GaeltechVR: Measuring the Impact of an Immersive Virtual Environment to Promote Situated Identity in Irish Language Learning

Naoise Collins, Brian Vaughan, Charlie Cullen, Keith Gardner


This study investigates how a design-based research methodology is best suited to measuring the impact of a designed virtual reality experience to improve situated identity in Irish learners focusing on their attitudes, motivation, and confidence as Irish language learners. This paper describes the design of GaeltechVR: an immersive Irish language VR experience designed for the VIVE Pro. It also gives the results of a mixed-methods study to measure the impact in a local adult Irish language learner context. A questionnaire on situated attitudes and motivation to language learning (Ushioda & Dörnyei, 2009) was adapted for the Irish context to investigate a small scale sample of the local context’s attitudes to Irish language learning. The participant’s gameplay was recorded for analysis along with questionnaires on presence (Witmer & Singer, 1998), simulator sickness and an adapted questionnaire on their attitudes after the intervention.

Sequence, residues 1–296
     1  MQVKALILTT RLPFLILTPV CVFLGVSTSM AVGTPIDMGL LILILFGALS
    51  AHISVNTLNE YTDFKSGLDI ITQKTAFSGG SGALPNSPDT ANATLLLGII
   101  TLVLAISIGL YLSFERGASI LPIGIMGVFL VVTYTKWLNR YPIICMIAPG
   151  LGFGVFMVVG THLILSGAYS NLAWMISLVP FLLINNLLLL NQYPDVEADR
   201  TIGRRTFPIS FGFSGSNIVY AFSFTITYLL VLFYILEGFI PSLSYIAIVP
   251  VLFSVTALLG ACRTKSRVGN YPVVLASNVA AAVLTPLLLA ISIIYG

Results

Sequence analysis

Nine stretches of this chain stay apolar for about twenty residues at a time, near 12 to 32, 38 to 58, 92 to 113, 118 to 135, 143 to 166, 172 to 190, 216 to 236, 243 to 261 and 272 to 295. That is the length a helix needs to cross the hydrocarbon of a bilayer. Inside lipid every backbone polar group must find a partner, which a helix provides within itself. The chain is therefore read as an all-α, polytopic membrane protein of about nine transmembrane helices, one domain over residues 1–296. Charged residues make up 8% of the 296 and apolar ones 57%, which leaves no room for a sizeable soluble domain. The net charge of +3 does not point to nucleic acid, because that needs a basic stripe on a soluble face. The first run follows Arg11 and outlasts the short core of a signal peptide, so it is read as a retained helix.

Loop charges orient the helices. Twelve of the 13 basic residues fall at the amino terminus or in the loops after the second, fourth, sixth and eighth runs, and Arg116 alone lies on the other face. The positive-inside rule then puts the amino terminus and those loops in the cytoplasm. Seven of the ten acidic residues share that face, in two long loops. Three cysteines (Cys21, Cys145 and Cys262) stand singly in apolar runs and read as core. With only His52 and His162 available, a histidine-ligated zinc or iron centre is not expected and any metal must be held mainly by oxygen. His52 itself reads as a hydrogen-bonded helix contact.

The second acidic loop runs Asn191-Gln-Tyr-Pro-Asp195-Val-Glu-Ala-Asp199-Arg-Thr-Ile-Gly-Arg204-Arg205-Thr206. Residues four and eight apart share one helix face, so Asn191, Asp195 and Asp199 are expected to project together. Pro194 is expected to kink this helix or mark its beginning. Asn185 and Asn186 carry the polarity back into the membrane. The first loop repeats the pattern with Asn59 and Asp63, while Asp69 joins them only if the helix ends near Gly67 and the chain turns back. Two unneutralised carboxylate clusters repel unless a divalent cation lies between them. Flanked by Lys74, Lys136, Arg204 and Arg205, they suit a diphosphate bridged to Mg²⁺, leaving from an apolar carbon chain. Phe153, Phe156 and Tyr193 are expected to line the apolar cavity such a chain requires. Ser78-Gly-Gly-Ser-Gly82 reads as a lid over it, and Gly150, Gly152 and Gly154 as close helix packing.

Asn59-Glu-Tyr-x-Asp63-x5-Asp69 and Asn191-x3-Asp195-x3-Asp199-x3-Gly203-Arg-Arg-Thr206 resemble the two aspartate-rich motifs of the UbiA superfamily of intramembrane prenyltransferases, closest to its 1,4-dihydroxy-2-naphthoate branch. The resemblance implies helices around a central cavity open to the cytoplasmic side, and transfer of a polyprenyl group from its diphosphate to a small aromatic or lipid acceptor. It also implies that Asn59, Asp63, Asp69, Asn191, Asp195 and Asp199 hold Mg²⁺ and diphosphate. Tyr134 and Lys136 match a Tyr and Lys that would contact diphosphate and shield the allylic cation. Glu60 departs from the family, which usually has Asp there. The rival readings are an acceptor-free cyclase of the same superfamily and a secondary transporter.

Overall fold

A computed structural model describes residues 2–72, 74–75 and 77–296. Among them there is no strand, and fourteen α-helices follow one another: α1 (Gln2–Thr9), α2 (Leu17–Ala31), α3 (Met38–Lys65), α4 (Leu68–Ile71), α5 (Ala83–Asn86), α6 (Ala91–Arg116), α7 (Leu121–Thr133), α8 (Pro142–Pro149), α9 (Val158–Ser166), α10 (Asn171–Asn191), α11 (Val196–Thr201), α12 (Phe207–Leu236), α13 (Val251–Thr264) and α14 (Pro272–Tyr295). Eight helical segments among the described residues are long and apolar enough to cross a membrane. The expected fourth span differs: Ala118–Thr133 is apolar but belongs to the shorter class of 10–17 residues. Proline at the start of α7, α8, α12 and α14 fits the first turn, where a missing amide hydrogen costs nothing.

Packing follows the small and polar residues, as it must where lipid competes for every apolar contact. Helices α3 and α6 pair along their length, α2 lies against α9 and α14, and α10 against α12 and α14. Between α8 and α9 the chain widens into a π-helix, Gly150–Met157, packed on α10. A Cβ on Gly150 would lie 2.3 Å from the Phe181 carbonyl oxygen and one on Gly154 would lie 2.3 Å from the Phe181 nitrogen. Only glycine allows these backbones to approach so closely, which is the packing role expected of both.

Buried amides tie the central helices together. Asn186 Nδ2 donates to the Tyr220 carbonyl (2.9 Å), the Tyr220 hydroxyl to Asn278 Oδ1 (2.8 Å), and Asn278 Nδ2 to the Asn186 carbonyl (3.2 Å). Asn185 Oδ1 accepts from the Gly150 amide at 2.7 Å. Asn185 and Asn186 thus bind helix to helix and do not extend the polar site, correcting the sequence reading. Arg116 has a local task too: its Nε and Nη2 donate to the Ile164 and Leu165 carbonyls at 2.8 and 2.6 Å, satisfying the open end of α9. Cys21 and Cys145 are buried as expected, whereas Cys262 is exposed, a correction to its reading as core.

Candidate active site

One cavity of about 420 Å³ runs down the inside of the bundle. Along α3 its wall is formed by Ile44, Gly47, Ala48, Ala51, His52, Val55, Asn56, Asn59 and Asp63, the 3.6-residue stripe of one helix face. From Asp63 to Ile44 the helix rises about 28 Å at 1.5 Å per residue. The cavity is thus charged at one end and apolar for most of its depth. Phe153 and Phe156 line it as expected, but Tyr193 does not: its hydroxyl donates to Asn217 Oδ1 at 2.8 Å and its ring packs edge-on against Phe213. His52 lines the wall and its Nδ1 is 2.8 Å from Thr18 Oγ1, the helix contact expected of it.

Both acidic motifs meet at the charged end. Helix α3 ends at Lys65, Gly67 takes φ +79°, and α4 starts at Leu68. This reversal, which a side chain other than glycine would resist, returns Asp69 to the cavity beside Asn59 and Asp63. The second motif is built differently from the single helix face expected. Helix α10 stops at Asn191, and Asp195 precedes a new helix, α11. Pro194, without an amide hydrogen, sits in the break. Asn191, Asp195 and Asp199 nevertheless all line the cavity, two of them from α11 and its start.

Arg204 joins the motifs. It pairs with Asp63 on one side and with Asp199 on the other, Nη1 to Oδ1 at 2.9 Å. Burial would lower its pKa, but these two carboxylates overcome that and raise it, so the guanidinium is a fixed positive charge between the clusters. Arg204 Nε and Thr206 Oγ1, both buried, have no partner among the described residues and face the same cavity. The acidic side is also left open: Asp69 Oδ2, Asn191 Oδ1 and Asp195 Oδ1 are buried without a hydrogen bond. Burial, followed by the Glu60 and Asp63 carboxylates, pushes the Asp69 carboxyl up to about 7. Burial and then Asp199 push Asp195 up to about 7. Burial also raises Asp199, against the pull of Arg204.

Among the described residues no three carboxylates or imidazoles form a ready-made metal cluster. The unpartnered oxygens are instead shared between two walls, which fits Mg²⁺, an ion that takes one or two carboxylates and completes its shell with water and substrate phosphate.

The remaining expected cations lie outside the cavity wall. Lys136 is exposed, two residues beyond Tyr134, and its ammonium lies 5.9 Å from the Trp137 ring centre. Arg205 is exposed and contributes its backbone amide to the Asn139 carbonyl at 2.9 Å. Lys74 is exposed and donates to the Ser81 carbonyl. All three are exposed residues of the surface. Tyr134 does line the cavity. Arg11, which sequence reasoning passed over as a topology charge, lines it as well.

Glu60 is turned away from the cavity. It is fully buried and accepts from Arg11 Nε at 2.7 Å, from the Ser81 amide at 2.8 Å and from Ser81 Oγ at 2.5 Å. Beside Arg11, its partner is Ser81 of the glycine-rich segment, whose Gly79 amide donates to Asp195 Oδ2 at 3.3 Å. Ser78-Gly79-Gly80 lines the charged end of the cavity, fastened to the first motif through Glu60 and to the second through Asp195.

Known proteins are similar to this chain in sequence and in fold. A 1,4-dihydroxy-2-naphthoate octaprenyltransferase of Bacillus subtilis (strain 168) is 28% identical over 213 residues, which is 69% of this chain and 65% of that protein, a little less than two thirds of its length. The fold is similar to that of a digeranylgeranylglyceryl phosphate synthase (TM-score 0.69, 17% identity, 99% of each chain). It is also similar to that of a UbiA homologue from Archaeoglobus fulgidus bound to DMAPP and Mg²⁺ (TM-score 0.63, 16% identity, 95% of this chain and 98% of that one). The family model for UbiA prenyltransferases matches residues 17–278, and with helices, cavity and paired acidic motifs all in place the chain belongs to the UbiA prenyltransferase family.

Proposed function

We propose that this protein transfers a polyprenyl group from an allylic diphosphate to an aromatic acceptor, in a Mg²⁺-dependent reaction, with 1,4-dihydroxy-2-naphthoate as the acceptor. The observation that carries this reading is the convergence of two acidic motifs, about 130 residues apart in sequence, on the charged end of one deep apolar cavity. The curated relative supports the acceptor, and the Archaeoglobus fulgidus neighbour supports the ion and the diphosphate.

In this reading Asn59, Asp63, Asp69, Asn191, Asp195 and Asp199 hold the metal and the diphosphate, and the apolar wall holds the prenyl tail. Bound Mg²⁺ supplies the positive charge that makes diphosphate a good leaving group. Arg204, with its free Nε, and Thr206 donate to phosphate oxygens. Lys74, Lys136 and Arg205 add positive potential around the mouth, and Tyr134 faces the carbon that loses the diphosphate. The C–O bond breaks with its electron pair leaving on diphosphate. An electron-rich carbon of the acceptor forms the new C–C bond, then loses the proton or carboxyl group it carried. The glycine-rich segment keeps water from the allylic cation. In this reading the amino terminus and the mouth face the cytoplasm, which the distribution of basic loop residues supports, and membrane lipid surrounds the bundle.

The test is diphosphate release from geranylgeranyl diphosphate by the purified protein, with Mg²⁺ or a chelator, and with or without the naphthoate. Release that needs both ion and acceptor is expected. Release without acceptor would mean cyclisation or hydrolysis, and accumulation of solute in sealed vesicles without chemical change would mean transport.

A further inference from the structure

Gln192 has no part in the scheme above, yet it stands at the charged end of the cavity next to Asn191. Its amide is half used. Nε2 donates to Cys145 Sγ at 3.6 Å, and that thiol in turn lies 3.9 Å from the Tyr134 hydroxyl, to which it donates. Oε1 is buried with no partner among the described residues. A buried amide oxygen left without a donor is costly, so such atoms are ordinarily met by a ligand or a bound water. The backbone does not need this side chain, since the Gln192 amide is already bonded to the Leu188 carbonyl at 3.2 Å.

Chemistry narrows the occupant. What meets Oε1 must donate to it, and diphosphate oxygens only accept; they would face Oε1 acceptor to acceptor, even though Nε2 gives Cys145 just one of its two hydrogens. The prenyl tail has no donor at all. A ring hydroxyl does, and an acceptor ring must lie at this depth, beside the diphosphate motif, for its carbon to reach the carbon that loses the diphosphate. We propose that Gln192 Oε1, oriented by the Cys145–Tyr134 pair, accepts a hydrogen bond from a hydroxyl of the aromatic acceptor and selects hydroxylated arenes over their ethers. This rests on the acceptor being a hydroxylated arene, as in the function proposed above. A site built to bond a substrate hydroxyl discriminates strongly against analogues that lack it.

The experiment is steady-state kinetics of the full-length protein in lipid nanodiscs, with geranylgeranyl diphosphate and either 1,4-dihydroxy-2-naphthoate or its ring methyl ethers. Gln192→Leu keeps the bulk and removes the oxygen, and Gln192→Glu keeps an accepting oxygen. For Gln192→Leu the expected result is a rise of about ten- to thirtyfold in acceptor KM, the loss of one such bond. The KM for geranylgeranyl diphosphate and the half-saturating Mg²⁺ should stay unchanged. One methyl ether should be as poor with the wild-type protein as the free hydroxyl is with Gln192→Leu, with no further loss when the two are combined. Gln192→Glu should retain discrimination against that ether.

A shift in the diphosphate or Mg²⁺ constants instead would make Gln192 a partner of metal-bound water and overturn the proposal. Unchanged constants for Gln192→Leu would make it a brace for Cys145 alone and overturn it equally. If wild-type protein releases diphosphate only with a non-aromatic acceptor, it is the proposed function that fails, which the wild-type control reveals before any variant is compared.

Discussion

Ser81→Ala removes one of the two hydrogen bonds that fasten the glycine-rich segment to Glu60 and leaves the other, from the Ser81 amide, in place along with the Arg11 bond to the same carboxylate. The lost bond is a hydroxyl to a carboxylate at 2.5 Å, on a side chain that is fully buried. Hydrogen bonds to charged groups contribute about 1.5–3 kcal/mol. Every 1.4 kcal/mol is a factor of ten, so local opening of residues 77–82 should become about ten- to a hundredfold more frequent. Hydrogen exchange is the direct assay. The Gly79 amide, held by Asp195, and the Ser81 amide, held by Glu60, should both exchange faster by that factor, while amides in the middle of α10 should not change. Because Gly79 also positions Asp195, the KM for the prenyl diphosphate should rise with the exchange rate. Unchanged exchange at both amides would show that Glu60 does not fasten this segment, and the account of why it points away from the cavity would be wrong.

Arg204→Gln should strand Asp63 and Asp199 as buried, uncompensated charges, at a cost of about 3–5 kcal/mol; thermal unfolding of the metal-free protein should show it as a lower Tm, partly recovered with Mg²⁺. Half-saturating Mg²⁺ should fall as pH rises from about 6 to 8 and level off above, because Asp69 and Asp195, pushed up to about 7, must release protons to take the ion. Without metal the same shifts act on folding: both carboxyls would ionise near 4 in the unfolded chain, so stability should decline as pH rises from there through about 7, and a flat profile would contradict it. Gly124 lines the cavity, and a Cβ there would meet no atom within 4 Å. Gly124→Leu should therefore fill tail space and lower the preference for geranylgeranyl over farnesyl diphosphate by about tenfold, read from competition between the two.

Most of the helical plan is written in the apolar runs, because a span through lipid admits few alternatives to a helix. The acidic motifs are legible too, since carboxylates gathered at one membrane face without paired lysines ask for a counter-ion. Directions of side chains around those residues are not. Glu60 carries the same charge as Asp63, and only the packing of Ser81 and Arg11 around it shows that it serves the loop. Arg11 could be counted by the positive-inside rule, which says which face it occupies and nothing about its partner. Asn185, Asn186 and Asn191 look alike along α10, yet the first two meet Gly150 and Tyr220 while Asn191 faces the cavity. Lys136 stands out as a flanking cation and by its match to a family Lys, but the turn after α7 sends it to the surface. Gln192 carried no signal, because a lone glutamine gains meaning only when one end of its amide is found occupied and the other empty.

Using best practice in design-based research experiments (Nelson, Ketelhut, Clarke, Bowman, & Dede, 2013) the study had two main goals: To investigate the usability of the design of GaeltechVR and to measure the impact of the intervention on attitudes, identity and motivation in the local Irish language learning context.


Virtual Reality, Situated Learning, Design Based Research, Irish language learning

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